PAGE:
Russian Rhapsody (film)
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|Merrie Melodies series|
|Directed by||Robert Clampett|
|Produced by||Leon Schlesinger|
|Story by||Lou Lilly|
|Voices by||Mel Blanc (uncredited)|
|Music by||Carl Stalling|
|Animation by||Rod Scribner
|Studio||Leon Schlesinger Productions|
|Distributed by||Warner Bros. Pictures|
|Release date(s)||May 20, 1944 (USA)|
|Running time||7 minutes 1 second|
The original title was "Gremlins from the Kremlin", but producer Leon Schlesinger changed the title when The Walt Disney Company began making its own wartime short about gremlins. In Falling Hare, Bugs Bunny was the victim, while Hitler is the victim and main character in this short.
Nazi German bombers are failing to make it to Moscow in World War II; infuriated by his soldiers' constant failure, Hitler announces his decision via a radio broadcast at a "New Odor" rally that he will personally fly a heavy bomber to attack the Russians. On the way to Moscow, Soviet gremlins sneak onto the plane in flight and without Hitler’s being aware of what's going on, begin to dismantle it while singing "We Are Gremlins from the Kremlin" to the tunes of “Ochi Chyornye” (“Dark Eyes”) and “Eh, uchnem” (“Song of the Volga Boatmen”), and the sabotage includes a "termiteski" busily devouring the plane's wing (with loud burps) and a microscopic gremlin smashing the control panel dials with an enormous wooden mallet and announcing "I'm only three and a half years old!"
Hitler eventually discovers the gremlins after he's been stabbed in the buttocks and tries to retaliate. He fails, being severely frightened by several gremlins holding a mask of Joseph Stalin. The gremlins succeed in ejecting him from the bomber by cutting a hole in the fuselage beneath him. As he falls, Hitler comes to and realizes the plane is right behind him in a power dive. He tries to outrun the plane and to hide behind a small sapling upon landing, but the plane alters course as seen by its shadow. Both Hitler and the plane are driven into the ground. The plane’s tail with its swastika insignia erupts from the ground as a headstone.
The cartoon ends with the gremlins celebrating in victory as Hitler pops out of the ground, with his face grimacing into the one of comedian Lew Lehr, and paraphrasing his famous catch phrase: "Monkeys is the cwaziest [craziest] peoples!" (only changing the word "monkeys" into "Nazis"). A gremlin pounds Hitler back into the ground with a sledgehammer, ending the film under Clampett’s signature ‘‘bee-woop’’ vocalization.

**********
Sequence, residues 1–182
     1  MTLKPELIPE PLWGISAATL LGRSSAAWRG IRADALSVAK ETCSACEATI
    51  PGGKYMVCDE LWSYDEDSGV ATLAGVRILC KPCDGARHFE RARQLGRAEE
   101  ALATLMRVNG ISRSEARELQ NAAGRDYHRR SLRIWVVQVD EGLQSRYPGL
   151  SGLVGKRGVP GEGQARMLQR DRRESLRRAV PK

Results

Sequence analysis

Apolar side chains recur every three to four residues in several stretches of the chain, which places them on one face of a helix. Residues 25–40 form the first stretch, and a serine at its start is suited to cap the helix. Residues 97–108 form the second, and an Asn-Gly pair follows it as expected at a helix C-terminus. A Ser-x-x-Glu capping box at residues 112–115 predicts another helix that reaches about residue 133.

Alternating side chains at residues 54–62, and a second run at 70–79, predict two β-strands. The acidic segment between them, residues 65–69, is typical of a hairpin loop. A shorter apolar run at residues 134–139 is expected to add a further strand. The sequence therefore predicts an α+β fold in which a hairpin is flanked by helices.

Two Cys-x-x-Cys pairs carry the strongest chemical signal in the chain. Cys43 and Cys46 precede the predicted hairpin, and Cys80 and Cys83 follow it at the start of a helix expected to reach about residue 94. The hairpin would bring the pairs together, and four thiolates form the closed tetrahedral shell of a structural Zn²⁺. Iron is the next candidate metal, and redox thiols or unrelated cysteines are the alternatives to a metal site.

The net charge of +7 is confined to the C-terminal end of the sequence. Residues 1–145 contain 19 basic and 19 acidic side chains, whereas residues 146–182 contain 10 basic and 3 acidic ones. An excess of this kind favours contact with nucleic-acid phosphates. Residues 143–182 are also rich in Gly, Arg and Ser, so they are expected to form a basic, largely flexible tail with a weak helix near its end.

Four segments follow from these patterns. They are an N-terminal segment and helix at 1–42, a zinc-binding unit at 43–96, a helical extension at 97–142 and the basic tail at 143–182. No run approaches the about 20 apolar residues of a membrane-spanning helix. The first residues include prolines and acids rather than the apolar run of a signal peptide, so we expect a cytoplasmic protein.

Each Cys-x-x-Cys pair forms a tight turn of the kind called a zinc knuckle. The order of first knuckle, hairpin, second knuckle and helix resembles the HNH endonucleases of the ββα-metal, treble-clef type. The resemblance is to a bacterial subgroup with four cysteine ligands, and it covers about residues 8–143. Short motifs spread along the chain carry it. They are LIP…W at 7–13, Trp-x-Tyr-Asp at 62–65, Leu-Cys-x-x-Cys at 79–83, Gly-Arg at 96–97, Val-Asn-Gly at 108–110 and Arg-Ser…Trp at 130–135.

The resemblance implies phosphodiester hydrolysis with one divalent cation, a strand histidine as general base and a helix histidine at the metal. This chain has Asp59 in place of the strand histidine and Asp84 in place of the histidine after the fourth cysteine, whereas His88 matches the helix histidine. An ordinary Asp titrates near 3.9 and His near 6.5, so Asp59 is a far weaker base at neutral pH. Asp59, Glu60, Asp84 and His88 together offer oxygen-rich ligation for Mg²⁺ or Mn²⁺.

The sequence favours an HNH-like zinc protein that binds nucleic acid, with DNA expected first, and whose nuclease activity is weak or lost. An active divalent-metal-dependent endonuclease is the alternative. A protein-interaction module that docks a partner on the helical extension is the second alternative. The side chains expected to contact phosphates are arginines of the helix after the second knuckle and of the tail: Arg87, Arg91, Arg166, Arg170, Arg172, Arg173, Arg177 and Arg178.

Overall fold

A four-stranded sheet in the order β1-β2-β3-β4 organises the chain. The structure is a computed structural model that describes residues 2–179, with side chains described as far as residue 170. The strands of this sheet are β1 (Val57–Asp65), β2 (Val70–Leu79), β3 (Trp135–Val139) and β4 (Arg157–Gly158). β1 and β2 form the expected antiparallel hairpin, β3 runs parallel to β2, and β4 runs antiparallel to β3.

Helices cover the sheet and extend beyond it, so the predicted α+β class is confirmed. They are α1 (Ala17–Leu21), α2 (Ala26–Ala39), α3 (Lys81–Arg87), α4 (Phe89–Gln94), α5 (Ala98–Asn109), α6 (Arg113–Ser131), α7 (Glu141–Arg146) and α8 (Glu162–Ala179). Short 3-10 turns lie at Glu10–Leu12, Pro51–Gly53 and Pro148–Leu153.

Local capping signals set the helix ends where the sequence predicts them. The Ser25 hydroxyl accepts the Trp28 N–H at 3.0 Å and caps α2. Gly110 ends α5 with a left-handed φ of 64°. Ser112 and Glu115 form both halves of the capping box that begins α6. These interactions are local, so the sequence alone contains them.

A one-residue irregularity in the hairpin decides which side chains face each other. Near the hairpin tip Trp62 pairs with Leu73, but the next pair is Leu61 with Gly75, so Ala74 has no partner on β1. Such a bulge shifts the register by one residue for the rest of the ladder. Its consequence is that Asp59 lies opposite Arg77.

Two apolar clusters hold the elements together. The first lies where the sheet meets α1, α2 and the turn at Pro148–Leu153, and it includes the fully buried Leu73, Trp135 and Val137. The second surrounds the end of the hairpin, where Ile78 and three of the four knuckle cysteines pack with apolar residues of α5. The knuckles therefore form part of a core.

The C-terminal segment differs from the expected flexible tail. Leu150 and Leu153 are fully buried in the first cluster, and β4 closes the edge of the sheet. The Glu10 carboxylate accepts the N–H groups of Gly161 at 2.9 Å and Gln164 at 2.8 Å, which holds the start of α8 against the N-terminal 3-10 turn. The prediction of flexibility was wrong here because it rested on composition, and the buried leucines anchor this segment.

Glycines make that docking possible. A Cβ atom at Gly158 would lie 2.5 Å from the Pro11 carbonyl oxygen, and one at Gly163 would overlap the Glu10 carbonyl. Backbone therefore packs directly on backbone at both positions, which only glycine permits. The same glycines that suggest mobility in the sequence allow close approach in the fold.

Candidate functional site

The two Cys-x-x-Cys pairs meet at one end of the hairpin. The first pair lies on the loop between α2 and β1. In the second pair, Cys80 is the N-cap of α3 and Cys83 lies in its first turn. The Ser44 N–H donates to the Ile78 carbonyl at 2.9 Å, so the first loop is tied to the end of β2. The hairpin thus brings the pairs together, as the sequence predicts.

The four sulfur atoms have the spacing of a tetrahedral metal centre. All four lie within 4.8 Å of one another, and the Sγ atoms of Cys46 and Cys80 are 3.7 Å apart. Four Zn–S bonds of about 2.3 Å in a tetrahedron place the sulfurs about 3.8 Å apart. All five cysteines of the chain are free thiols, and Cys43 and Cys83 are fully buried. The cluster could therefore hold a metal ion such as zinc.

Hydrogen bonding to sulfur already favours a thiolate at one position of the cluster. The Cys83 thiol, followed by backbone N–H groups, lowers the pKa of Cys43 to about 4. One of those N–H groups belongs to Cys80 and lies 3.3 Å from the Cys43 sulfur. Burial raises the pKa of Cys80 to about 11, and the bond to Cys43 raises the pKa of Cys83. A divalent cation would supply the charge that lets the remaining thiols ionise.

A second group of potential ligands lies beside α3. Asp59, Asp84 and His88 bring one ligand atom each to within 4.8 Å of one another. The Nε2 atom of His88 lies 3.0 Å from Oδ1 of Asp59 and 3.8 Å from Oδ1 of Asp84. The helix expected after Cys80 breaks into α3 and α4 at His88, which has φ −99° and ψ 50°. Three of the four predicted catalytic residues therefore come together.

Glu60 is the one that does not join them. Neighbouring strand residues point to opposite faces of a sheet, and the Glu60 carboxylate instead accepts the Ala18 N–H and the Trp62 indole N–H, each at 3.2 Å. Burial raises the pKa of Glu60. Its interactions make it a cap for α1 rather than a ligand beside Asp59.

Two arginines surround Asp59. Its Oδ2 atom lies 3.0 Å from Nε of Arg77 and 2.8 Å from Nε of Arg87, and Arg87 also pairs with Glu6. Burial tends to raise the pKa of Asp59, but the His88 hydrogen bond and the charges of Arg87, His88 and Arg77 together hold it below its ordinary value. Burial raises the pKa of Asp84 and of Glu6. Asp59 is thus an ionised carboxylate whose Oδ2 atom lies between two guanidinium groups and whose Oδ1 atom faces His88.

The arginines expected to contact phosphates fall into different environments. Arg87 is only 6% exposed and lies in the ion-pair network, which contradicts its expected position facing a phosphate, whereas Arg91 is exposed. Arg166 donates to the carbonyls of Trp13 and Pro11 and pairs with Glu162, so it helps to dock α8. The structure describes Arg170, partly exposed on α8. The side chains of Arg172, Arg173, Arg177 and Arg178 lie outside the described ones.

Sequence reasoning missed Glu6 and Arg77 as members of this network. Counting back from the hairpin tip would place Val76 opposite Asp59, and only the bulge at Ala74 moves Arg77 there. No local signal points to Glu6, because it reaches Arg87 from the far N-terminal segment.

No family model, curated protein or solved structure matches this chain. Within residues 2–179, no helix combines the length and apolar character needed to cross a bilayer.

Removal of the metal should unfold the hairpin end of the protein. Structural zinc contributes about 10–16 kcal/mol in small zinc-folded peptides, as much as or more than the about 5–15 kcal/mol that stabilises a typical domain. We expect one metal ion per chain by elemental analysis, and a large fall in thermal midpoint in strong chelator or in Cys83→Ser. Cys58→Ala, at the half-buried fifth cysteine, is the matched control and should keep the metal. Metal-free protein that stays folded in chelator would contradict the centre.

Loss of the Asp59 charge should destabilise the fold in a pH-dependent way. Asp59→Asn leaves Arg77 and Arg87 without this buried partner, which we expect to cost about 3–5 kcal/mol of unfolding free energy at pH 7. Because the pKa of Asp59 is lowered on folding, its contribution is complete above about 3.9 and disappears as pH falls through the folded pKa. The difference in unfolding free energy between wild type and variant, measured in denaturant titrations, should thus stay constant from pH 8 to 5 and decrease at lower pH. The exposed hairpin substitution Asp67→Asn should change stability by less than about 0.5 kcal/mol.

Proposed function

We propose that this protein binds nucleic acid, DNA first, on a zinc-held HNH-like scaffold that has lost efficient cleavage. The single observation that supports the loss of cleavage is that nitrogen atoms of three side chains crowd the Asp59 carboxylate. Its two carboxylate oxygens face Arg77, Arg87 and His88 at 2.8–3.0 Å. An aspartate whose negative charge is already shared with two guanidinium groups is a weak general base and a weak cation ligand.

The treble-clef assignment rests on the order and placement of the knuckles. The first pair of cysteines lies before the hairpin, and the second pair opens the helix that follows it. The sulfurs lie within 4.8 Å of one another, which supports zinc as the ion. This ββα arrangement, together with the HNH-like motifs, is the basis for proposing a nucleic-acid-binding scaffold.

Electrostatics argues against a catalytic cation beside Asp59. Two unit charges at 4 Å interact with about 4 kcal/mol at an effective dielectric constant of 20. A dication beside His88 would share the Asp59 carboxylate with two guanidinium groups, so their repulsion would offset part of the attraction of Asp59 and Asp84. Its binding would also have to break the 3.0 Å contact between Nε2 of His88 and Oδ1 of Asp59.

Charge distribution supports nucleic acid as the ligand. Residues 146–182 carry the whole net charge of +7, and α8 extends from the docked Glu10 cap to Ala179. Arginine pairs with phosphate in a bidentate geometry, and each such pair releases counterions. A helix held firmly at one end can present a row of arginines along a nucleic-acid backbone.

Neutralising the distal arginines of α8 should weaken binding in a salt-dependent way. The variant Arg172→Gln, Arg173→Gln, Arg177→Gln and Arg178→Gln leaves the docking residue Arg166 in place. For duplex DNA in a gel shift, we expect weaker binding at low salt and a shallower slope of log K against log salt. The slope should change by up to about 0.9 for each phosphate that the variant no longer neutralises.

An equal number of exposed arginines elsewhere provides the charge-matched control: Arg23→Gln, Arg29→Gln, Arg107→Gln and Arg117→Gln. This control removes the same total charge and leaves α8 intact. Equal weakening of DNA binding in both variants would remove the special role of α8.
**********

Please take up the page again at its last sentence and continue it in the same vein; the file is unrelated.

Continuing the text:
- Many of the gremlins are caricatures of the Warner Bros. animation department staff. The style is reminiscent of a 1936 Christmas card showcasing the staff as drawn by T. Hee. Among the recognizable gremlins are Chuck Jones, Robert Clampett, Friz Freleng, Melvin Millar, Michael Sasanoff, Leon Schlesinger (who is shown tapping the heads off of rivets with a hammer as he’s being raised by a rope with Napoleon's hairstyle), Michael Maltese, Carl Stalling, Henry Binder and Ray Katz. Freleng and Binder are also referenced during Hitler’s fake German rant at the beginning of the cartoon. Also referenced is What's Cookin' Doc? (also directed by Bob Clampett).
- In the scene of Hitler going after the gremlins, there’s a strange jump between Hitler screaming at the sight of a Stalin-type mask. The next scene shows the gremlins sawing a hole in the plane to get rid of a semi-conscious Hitler. It’s unknown if a missing scene between those scenes exists.
- The lyrics reference the 1942 Disney cartoon and the 1942 song (composed by Oliver Wallace and recorded by Spike Jones) both titled Der Fuhrer's Face.
- The gag showing a gremlin swapping windshield stickers is a reference to wartime U.S. gasoline rationing.
This cartoon is included in disc two of Looney Tunes Golden Collection: Volume 6. The disc consists mainly of cartoons mostly made during World War II. It is also available on Looney Tunes Platinum Collection: Volume 2, disc two. Previously, this cartoon was included as part of the 1989 MGM Home Video release "Bugs & Daffy: The Wartime Cartoons"
Due to its sensitive nature and its depiction of Nazis, the cartoon is often removed from circulation on TV, barring select instances of wartime cartoon airings.